Fairmount InSights

Among the most important decisions an organization will make is selecting its leader. Yet, a recent study estimated that while 66% of nonprofit executives expect to leave their jobs within five years, only 13% of nonprofit organizations have succession plans.  If selecting its top executive is so critical, and one of the few variables over which a nonprofit has total control, how do we get it right?

Fairmount Ventures maintains an active practice in executive search; here are some things we’ve learned along the way.

  1. Start early: cultivate internal leaders

Succession planning is not a point-in-time event triggered by an executive’s imminent departure. One expert suggests reframing the issue as “succession development” rather than “succession planning.” That is, create a practice of preparing future leaders by integrating professional development with succession planning in order to identify and nurture future leaders.  This has the additional benefit of improving overall organizational performance. In the for-profit sector, researchers found that companies with well-structured programs to groom internal candidates to be their next CEO (e.g., General Electric, IBM, Procter & Gamble) outperform their peers.

  1. Distinguish between the executive’s and the organization’s needs

Determining the timing and process of an executive transition can be a delicate process, especially when a long-term leader is stepping down.  While executives deciding to move on should help set the timetable, the board needs to have the final say on how the process unfolds.  Outside counsel can help frame and facilitate this discussion by establishing objective criteria.

  1. Explore the optimal characteristics of your leader for the next 10 years

Chances are the coming decade will look different than the previous one, i.e., evolving community needs, funding, technology, competition, public policy, best practices, etc. Rather than ask, “How do we replace our current, beloved executive?” consider what will be asked of the next leader. Take the time to engage the board and senior staff in discussions in order to achieve greater consensus about the next leader’s essential attributes.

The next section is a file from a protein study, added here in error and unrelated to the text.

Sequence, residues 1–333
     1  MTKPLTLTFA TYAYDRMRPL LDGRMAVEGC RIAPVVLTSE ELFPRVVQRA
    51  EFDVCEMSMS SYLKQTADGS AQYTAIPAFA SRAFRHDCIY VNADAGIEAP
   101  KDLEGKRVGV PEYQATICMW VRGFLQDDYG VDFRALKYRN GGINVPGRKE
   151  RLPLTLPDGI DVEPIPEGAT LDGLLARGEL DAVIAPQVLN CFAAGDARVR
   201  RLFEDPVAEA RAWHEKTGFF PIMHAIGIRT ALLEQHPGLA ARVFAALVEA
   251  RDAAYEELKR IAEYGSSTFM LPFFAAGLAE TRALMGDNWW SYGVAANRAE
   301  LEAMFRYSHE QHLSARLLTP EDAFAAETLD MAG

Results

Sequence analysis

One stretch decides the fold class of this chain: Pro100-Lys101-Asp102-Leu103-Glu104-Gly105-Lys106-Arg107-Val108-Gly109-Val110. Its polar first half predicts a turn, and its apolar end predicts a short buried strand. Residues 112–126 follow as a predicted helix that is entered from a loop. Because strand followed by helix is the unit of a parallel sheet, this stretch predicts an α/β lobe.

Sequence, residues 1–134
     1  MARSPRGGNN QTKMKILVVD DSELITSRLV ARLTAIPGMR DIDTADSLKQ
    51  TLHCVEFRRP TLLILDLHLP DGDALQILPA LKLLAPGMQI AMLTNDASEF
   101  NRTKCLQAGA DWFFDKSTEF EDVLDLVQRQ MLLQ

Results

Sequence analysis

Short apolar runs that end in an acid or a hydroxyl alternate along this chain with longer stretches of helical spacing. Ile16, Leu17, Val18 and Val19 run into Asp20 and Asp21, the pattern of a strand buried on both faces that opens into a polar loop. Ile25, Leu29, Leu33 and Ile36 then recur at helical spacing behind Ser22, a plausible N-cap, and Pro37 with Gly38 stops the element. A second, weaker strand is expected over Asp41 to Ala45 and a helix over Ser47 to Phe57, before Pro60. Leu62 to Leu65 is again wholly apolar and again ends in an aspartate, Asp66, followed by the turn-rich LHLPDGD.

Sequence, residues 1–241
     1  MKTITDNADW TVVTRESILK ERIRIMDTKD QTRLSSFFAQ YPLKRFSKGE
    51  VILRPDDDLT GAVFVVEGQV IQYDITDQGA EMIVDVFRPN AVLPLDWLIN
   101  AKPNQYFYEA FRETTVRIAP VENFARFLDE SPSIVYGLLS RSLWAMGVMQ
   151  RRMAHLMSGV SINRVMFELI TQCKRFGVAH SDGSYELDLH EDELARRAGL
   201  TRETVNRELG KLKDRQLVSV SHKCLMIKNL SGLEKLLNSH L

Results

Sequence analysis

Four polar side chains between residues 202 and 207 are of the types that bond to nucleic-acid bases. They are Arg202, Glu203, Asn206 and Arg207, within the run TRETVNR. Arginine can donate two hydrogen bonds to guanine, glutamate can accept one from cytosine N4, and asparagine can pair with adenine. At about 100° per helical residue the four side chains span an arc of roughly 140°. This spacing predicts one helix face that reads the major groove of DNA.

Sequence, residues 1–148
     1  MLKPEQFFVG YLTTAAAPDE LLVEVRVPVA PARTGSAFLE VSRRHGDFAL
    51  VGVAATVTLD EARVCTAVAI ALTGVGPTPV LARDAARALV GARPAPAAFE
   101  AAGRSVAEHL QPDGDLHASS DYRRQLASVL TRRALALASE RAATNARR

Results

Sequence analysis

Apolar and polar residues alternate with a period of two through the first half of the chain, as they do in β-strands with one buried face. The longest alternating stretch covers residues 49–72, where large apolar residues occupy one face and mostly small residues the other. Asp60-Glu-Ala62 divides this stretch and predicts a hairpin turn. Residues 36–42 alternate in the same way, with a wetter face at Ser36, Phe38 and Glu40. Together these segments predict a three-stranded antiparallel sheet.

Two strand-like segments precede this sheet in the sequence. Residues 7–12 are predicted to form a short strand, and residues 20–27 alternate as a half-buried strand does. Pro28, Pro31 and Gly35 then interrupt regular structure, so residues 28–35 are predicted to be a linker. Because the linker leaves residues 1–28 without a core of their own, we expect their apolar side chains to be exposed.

1. Invest in the board’s understanding of what it takes for the organization to succeed

For board members to effectively govern, they need to understand what skills, knowledge, and leadership style are optimal to manage the nonprofit.  How should the executive be dividing his/her time between internal and external tasks? While staying in their lane, at least some board members need to understand the organization’s inner-workings in order to discern what will be essential in the next executive.

  1. Clarify the outgoing executive’s role

The current executive can be a source of support to the board without usurping its responsibility in selecting the next leader:

  • Identify the key issues the new executive is likely to face in the first 12 months on the job
  • Communicate with internal and external stakeholders that the organization is in capable hands
  • Stay out of the recruitment process; let the board fulfill this fundamental role
  • Follow the new executive’s lead regarding how s/he wants to be oriented

High performing organizations do not leave succession to luck or last-minute planning. They openly discuss it on an ongoing basis.

Time to discuss succession at your organization?

We’d be happy to be part of the conversation.

Give us a call at 215-717-2299 for a consultation, or email us at info@fairmountinc.com.

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